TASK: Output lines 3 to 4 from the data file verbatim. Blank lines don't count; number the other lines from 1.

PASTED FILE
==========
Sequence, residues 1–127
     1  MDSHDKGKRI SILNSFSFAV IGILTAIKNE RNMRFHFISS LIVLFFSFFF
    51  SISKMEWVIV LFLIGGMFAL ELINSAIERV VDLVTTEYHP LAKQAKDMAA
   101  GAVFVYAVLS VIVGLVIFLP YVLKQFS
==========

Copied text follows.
    51  SISKMEWVIV LFLIGGMFAL ELINSAIERV VDLVTTEYHP LAKQAKDMAA
   101  GAVFVYAVLS VIVGLVIFLP YVLKQFS